Saturday, 23 October 2010

Passing near Rhyd Du

- for Taid

He grew up in the top house on the hill,
Was still young when they left for the war
And when he came back it felt as if a lifetime

Had passed. Yet thinking back to those days
Of childhood, he whittled this whistle from a twig,
They drift about like ghosts in a mist. The jackdaws

And the sheep are somewhere about. Today
More hill walkers come with the train, they
Peer at the maps and the lie of the ground.


  1. I think a lifetime had passed, Poet - these young men who go to war often come back as old men.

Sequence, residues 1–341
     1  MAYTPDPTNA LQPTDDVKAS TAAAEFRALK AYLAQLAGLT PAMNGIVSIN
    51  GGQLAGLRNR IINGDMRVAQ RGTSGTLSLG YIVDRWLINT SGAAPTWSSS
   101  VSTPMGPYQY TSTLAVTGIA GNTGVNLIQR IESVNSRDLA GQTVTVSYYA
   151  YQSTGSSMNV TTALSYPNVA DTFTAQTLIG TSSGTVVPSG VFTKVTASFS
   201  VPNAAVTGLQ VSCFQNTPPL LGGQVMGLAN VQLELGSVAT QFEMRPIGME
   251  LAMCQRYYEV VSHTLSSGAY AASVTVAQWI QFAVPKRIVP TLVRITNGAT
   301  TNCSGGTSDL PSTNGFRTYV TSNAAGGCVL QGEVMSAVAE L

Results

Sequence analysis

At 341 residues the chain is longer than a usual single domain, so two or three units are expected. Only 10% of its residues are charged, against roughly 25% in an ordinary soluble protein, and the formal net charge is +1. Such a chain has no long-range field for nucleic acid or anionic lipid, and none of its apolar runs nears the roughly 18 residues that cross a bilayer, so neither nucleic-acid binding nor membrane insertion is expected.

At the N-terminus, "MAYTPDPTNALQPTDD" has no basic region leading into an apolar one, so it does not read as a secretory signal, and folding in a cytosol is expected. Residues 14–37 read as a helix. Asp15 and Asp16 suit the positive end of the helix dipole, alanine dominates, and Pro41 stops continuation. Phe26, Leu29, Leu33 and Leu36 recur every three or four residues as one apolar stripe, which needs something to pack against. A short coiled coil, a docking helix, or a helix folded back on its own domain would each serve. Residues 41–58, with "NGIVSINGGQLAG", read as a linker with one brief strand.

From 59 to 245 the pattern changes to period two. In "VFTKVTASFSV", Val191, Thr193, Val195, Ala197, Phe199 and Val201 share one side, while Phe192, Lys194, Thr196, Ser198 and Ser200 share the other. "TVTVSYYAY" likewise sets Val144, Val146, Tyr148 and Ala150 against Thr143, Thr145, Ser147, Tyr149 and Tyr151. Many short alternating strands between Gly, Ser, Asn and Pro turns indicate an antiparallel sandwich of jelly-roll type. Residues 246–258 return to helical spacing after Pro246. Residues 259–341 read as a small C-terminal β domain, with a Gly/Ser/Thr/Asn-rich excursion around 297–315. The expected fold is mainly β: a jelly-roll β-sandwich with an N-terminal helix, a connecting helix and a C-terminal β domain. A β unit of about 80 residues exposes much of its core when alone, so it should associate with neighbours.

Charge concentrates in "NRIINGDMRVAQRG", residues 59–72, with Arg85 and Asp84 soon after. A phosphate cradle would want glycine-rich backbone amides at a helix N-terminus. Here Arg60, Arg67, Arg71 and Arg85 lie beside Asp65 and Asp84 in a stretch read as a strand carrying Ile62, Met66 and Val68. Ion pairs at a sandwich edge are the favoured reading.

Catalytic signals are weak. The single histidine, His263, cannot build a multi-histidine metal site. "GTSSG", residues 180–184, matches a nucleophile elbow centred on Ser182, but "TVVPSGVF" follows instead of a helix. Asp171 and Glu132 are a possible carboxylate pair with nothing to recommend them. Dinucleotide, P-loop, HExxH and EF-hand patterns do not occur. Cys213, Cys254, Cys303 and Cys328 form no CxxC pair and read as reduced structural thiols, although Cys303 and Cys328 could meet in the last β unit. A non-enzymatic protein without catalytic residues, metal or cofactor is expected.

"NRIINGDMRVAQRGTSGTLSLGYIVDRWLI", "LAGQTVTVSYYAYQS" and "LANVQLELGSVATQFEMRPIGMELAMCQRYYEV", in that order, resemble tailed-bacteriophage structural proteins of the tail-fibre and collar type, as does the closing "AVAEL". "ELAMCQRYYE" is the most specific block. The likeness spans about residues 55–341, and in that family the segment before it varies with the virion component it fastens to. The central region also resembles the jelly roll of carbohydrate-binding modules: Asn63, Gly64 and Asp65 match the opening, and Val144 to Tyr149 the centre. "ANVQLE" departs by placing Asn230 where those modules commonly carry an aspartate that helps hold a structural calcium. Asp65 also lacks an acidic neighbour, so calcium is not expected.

2. I love the rhythm of lull of the words - one can't read them without a welsh accent intruding - it creates an apt mood.

  3. Thank you Pat and Gerald. I often wonder what the Great War, a family feud between 3 or 4 royal cousins, had to do with my family minding its own business, living in the highest and bleakest slate house in the mountains of Wales without any services at all, and why one of our number, and many boys and men, shepherds and quarrymen, from these hills had to "go over the top" at Haig's Battle of the Somme, in a place they'd never heard of, but where 1,250,000 were killed. Still can't quite figure it out.


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